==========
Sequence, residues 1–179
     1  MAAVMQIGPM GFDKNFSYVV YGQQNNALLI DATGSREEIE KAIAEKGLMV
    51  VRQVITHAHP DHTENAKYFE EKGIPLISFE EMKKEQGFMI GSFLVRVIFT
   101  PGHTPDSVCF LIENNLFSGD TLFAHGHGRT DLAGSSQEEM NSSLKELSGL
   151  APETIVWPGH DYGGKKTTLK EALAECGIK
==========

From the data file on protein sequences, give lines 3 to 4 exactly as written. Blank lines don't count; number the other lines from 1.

    51  VRQVITHAHP DHTENAKYFE EKGIPLISFE EMKKEQGFMI GSFLVRVIFT
   101  PGHTPDSVCF LIENNLFSGD TLFAHGHGRT DLAGSSQEEM NSSLKELSGL